Here is a short summary of the potential urban specialists in the Stockholm setting: The Stockholm Real Estate and Traffic Administration (GFK), the Stockholm Planning Administration (SBK), the Stockholm Business Administration (SNK), the politicians, the Skönhetsrådet, the builders (very few and could be characterized as a cartel), the Environmental Administration, the lobbying organisations such as City i samverkan, the Royal KTH, the Stockholm School of Planning at Stockholm University, etc.

SAL 2 and the urban specialists

SAL 2 tries to gather a certain kind of opinion–makers, though sometimes in conflict with one another. Through these experts or specialists saying 'we are society (samhället)', and avoiding demands on the public sector to serve solutions on a plate. Instead it is about taking charge over producing visions and alternaitves – producing representations of future Stockholms. Even if the SAL takes pride in inviting 'normal' citizens it is still very much about experts working things out.

Why is this gathering interesting to problematize? Because in the gathering of urban specialists and offering a forum, this resembles what a patient organisation fighting against orphan genetic diseases is doing in France: they actively start to formulate research questions and starts industries to pursue them instead of waiting for the 'white collars' to come up with a solution (Latour [2001] 2003:3). To make this point a short interlude on a general fallacy in understanding innovations and even collective political and material practice. The fallacy is the 'trickling down' theory of scientific influence:

[F]rom a confined centre of rational enlightenment, knowledge would emerge and then slowly diffuse out to the rest of society. The public chose to learn the results of the laboratory sciences or remain indifferent to them, but it could certainly not add to them, dispute them, and even less contribute to their elaboration. Science was what was made inside the walls where white coats were at work. Experiments was undergone by animals, materials, figures and softwares. Outside the laboratory borders began the realm of mere experience – not experimentation. (Latour [2001] 2002:2)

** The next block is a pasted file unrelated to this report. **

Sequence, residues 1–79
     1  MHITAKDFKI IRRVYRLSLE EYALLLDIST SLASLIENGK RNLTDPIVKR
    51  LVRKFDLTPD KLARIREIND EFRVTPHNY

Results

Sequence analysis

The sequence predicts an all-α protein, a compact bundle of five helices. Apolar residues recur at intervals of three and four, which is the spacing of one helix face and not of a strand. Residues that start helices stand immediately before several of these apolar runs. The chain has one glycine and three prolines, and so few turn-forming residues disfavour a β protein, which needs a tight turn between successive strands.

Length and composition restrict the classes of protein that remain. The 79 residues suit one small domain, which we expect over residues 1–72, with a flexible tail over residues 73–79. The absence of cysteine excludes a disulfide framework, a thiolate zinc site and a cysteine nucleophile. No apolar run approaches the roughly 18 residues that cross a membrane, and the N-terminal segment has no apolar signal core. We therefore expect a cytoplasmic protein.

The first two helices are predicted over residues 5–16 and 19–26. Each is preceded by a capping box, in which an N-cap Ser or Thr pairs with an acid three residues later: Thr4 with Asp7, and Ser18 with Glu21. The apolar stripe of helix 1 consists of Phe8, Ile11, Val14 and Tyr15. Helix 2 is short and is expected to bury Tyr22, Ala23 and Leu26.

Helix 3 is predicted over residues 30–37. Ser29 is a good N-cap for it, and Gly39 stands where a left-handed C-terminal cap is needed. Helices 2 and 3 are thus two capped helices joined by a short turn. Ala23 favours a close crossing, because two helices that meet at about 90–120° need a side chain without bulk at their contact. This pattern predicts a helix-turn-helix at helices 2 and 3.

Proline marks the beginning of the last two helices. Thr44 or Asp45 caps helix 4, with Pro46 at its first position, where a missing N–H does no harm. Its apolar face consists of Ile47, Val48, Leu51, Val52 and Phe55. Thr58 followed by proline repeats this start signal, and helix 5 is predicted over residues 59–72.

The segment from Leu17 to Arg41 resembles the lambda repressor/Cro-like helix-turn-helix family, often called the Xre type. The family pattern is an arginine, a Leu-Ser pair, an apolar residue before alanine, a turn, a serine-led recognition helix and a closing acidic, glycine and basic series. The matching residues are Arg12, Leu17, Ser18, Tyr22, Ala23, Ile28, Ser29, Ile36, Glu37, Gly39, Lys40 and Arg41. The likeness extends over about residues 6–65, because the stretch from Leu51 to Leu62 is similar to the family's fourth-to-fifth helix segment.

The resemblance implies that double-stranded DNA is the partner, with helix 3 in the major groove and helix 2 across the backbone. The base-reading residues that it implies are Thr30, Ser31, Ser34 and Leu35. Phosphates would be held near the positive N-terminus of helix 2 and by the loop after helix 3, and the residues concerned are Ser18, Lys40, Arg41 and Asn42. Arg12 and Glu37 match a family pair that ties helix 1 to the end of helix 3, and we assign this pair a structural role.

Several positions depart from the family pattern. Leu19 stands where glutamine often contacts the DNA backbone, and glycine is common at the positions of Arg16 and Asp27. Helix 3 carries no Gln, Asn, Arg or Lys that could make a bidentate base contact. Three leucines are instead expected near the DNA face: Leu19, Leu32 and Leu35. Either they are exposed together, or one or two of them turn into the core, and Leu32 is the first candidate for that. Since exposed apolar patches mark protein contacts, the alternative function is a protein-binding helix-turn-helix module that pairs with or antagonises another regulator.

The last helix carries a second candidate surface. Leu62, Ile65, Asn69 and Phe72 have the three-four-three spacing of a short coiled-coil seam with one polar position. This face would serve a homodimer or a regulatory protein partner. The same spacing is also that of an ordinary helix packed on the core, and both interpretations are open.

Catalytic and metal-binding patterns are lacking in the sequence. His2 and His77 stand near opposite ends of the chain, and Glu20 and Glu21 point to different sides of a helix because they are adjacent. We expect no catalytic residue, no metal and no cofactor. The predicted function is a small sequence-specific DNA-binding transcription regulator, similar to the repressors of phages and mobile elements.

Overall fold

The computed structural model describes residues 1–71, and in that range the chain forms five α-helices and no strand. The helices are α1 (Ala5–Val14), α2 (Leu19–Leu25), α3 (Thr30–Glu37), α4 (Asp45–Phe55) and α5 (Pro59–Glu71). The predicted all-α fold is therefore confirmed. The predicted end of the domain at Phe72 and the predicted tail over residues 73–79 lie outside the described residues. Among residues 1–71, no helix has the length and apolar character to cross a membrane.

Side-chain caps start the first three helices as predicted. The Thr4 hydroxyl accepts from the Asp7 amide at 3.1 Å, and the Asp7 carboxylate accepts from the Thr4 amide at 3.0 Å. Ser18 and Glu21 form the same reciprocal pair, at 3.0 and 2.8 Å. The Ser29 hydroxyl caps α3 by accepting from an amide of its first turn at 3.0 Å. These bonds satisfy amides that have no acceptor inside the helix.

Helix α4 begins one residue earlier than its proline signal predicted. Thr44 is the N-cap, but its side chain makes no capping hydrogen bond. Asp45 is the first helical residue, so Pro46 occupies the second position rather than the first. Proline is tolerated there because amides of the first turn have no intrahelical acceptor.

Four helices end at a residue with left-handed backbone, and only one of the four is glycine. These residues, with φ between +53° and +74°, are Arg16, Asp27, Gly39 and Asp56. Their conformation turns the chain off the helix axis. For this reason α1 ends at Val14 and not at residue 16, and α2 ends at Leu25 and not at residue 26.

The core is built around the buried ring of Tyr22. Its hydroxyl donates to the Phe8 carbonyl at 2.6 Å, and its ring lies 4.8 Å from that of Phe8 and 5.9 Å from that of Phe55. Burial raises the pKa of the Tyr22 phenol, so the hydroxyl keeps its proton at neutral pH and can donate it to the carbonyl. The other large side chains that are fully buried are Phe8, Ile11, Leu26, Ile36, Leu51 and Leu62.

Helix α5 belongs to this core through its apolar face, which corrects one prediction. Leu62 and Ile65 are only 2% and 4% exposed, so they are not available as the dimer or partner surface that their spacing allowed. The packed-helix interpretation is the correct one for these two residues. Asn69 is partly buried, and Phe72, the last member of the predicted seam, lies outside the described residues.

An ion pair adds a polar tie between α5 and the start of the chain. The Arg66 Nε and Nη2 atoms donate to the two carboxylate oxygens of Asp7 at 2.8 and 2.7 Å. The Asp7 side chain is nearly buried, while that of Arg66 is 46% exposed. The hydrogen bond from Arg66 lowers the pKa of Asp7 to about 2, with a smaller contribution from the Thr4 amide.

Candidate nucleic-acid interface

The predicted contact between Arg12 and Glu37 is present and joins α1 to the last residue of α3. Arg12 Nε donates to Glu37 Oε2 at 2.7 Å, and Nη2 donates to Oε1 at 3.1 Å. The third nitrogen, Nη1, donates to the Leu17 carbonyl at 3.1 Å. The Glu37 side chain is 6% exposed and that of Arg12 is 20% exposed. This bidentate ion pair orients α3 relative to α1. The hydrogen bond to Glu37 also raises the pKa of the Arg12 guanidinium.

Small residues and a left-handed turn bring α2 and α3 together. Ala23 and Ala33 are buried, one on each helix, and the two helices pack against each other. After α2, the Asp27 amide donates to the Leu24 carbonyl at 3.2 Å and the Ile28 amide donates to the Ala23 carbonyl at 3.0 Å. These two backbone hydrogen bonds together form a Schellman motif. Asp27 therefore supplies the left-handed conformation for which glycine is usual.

Somewhat generalized the Swedish Social Democrats have cultivated such a trickle–down image of the formally institutionalized society (samhället as colloquially understood in Swedish) as the experts and innovators that delivers these services of maintaining the world–order. In Stockholm the technocrats and social engineers of holding the city together through planning and the resulting fair spread of wellfare. Now they try to correct this by opening up for privatizing, thereby falling more in to the neo–liberal categorization slot in political categorization. (But of course, there was some bitter conflict between Social Democrat government and right–wing led Stockholm city hall in the last years of the nineties over how far to privatize public service providers.)

The thing is: Collective experiments is not even needed, they are already here, they were always here. Functionalism and Modernistic planning was a giant experiment set up in the midst of everyday lives, not behind the walls of the laboratory – society was and is the laboratory, there's no other way since we have to try things out. And the same goes for the trends in European and Western planning for the last thirty years (A21, empowerment, public participation etc.). And what does the Swedish Planning and Building Code (PBL) say? It states mandatory exhibitions of plans and that comments or suggestions made by the public should be sent to the authorities in written.

So there is no inevitable logic about that SAL 1 was conceived as an open samtidslaboratorium, as if the SAL could claim 'we have gone forward and we can now see with open eyes'. It is more the financial entrepreneurial courage to push this laboration to the front in the public sphere, where it actually belongs but has had a problem of establishing itself (I put it this way to avoid conspiracy–theoretical jargon). It had a conscious agenda of inviting the public to add and take part, 'dispute them' and 'contribute to their elaboration'. In the printed papers presenting SAL 2, there are (if a selected contingency) comments made by visitors to the SAL 1.